Israel's flag flying atop Masada.
Israel's flag flying atop Masada.

Column: Mobilizing Antisemitism

‘The Shoah is part of Paris’ history’

– Paris Mayor Anne Hidalgo

‘The speech by Fatima Mousa Mohammed at the CUNY Law School commencement shocked and horrified so many people in New York and around the world’

– Maura Moynihan, daughter of the late N.Y. Sen Daniel Patrick Moynihan

Mayor Hidalgo and Maura Moynihan did not limit their outrage to outbursts of antisemitism. They made sure to interweave the challenges of antisemitism with the challenges facing Paris and New York.

Through their official capacities, Hidalgo and Moynihan tried to punish two enemies of Israel for their antisemitic speeches. Perhaps they expect that if Arabs destroy Israel, that will only be the beginning. They will move on to other targets throughout the world.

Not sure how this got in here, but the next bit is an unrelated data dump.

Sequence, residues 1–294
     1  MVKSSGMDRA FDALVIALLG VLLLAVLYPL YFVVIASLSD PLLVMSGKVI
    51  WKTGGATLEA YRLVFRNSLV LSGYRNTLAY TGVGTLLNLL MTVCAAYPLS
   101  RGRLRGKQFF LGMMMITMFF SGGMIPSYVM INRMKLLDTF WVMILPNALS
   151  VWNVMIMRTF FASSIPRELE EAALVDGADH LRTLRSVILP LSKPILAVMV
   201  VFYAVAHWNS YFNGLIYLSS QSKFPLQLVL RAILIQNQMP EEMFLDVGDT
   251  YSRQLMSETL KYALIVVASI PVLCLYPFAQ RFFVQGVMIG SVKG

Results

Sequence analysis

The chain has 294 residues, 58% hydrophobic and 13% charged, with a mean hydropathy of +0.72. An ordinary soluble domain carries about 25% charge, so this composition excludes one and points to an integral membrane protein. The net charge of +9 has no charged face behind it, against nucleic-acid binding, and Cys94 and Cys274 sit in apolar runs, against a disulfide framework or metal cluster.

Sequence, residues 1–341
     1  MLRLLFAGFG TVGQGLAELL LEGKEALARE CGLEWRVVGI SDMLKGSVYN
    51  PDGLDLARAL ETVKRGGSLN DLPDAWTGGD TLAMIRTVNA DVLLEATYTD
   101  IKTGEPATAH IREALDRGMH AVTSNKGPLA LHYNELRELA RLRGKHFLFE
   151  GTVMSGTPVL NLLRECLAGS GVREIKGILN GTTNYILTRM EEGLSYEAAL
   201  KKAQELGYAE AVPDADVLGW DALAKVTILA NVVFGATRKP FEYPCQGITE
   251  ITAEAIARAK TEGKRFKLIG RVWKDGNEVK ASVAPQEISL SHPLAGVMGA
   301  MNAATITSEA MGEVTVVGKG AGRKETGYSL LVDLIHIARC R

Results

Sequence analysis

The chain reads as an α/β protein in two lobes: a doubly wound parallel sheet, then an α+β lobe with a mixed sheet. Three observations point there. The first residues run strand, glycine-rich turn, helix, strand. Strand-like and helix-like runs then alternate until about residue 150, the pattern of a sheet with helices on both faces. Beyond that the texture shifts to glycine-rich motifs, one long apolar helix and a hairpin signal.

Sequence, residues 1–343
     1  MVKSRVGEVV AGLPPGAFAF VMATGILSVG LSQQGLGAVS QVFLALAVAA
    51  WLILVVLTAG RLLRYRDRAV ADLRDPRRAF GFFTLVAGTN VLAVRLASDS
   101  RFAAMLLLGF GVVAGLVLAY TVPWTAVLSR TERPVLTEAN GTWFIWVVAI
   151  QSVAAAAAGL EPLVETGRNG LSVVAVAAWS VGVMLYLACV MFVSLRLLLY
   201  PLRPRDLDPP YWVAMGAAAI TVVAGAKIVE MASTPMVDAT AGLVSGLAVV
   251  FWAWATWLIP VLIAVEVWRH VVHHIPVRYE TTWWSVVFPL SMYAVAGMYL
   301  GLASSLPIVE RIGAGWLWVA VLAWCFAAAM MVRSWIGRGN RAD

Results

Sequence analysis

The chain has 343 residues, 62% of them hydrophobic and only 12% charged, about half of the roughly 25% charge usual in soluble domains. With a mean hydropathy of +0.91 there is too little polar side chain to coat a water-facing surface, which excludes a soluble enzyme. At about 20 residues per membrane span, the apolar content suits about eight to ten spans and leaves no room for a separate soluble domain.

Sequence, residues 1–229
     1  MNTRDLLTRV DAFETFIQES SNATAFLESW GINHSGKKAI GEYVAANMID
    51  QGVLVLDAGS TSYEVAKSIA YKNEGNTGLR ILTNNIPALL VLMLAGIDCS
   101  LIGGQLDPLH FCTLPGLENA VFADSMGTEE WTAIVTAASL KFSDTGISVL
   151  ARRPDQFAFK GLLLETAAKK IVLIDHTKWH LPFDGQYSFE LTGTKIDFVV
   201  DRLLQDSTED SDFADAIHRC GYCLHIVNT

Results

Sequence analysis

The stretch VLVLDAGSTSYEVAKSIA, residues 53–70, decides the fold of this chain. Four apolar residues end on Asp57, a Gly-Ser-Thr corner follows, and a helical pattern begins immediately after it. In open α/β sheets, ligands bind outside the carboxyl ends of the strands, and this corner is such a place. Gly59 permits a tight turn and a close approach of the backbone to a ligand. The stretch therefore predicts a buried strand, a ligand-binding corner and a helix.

Their plans, I have come to believe, are more severe than conquering one country. Arab Muslims intend to impose Islam upon the entire world.

It is impossible to quantify how many Muslims want this vs. those Muslims who respect the practices of other religions. In the Middle East, it is clear which segment controls events at this time. My suspicion is by no means based on scientific or academic evidence. It is in large part just the feeling I get from following this conflict.

My view is that extremists among the Muslims believe that everyone should practice Islam, whether one is Jewish, Christian, Hindu and so on. They have persecuted people of various religions for centuries.

They are less upset that Israel is a predominantly Jewish nation than they are that it is not a Muslim nation, and it is located in the middle of the Muslim homeland. Would Muslim extremists tolerate any other people such as Christians or even an obscure sect from the South Seas to control what is now Israel?

I have lately wondered about this question: Did antisemitism fuel the current conflict or was antisemitism a byproduct?

I think antisemitism was more an offshoot that extremists have exploited. They recite anti-Jewish slanders to fire up their people and reassure adherents of other faiths that the fight is between them and us.